Talking Tongues is a smallish, youngish company which succeeds in blurring all the boundaries: between high art and populism, between physical and text-based work, between intellectual and emotional theatre. Versatility does not, in its case, mean blandness.

It started at Cambridge, with 45-minute shows in which the actors performed in empty discos and disused lecture theatres; it made a name for itself with a brand of impressionistic, musically-based pieces such as Glue Wedding (nominated for an Independent Award in Edinburgh in 1991) and Hove (part of the National's 1993 Springboards season). Tonight sees the opening of Resolution, a straight play, though not a conventional one, which takes a slanting look at the low-level agony of ordinary life, disguised by biting humour but revealed, from this oblique angle, in its true bleakness.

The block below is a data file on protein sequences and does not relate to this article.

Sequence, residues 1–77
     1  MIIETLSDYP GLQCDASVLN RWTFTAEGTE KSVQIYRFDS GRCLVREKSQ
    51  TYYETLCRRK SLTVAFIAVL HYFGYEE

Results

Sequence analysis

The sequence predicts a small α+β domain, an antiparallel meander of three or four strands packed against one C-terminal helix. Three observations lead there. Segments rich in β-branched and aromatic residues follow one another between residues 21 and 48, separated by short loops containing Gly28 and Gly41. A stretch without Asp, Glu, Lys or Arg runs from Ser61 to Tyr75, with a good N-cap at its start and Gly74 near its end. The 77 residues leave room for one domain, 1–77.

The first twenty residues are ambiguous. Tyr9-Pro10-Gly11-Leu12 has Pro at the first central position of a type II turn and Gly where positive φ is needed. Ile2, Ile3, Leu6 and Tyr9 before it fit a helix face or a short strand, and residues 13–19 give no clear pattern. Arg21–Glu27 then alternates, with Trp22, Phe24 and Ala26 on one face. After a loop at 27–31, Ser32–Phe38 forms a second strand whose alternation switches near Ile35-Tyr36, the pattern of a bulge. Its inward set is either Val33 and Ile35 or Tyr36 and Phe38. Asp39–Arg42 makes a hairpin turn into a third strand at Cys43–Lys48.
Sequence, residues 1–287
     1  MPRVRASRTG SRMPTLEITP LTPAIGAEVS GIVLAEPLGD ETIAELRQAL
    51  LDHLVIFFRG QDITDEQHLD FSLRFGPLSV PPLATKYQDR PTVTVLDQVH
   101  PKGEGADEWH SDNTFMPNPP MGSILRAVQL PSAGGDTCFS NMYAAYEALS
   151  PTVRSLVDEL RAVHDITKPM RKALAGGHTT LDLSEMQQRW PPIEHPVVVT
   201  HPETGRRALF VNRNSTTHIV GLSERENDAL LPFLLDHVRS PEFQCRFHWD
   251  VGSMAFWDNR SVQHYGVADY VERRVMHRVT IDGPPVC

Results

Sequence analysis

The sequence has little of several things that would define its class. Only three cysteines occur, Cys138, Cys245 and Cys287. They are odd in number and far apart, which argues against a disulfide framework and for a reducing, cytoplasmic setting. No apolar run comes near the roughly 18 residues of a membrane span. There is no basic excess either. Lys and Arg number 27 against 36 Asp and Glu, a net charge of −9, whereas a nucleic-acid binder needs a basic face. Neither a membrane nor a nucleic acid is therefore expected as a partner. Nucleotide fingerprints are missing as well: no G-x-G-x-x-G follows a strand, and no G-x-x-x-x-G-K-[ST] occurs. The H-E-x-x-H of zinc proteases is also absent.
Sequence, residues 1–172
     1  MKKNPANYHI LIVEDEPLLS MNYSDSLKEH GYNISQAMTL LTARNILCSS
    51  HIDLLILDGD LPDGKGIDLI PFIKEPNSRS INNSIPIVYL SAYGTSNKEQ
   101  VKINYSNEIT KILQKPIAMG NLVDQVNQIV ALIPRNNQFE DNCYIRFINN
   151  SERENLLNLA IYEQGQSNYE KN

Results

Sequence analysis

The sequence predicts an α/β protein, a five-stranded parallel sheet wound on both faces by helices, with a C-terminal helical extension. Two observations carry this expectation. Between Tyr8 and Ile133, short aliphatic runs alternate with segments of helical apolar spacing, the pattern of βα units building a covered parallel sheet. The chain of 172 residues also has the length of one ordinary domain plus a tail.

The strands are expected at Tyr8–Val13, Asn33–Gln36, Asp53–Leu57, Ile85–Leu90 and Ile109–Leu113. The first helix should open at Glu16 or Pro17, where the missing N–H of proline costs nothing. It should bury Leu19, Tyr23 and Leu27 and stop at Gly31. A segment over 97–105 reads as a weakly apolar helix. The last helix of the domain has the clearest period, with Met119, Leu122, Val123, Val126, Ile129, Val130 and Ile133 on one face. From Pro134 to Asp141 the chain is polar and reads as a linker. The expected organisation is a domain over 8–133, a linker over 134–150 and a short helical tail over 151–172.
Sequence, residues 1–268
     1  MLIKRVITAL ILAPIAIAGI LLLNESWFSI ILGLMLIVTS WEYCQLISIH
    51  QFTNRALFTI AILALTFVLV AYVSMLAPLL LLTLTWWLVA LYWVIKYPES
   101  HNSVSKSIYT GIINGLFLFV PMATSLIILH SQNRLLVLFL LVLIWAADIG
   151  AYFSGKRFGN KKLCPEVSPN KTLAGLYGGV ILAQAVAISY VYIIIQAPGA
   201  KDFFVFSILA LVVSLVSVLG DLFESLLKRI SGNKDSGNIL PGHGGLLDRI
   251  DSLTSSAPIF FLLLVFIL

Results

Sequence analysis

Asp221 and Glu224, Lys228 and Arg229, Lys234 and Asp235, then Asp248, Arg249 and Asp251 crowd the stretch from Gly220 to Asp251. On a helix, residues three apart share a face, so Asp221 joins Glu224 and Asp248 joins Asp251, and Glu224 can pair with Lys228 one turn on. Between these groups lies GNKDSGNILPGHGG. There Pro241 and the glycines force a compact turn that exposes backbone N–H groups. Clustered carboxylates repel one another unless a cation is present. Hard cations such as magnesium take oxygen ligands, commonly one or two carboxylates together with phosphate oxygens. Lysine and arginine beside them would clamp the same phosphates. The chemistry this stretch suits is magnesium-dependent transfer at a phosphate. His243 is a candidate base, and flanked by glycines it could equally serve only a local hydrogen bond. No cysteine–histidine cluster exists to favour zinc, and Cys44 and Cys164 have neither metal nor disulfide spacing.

The company's advantage is the reluctance of individuals to restrict their talents. Just when David Farr was starting to get 'award-winning director' regularly in front of his name, he wrote a play, Neville Southall's Washbag, which enjoyed modest success at the Finborough. Resolution has been written by the company's composer, Murray Gold, who sat through the rehearsals for Hove, then disappeared for six weeks and came back with this play. 'We're all learning together,' reports 24-year-old Farr. 'We take an empirical approach; we see it as an old-fashioned apprenticeship system, and we're fortunate that we are managing to do what we want.'

'Resolution' at BAC (071-223 2223)

(Photograph omitted)